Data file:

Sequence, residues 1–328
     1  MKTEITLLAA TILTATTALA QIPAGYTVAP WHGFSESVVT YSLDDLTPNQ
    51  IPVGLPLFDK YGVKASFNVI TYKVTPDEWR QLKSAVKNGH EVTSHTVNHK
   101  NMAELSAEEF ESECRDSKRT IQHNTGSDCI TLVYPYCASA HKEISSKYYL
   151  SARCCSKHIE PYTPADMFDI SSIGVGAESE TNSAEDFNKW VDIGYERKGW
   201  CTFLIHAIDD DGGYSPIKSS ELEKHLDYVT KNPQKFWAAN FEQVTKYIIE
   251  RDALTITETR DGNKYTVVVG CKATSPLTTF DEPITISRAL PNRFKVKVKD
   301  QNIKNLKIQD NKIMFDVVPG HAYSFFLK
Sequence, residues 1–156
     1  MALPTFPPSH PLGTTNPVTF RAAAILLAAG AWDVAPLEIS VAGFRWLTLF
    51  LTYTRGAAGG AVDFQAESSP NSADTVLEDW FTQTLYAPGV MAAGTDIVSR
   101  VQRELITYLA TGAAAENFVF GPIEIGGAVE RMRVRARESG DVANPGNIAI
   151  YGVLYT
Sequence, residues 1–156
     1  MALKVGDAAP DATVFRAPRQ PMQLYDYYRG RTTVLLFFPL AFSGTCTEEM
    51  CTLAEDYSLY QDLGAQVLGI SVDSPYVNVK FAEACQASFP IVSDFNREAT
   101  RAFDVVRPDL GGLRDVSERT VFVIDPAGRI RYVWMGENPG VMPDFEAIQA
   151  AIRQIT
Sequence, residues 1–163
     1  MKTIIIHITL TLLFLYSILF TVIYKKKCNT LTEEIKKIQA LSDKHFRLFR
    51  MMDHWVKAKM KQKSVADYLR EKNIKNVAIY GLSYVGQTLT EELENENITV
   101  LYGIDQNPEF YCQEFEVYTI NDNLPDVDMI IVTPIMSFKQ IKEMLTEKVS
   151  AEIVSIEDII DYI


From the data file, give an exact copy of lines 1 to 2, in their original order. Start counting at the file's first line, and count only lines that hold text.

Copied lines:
Sequence, residues 1–328
     1  MKTEITLLAA TILTATTALA QIPAGYTVAP WHGFSESVVT YSLDDLTPNQ